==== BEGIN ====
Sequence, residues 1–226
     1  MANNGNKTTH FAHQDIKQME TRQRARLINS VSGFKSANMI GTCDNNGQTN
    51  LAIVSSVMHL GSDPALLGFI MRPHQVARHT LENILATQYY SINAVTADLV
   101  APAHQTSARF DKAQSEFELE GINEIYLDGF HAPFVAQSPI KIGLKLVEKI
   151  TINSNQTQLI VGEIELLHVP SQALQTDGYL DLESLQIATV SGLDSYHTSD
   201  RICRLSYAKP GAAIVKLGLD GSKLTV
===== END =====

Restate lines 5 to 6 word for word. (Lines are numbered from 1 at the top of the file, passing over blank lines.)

   151  TINSNQTQLI VGEIELLHVP SQALQTDGYL DLESLQIATV SGLDSYHTSD
   201  RICRLSYAKP GAAIVKLGLD GSKLTV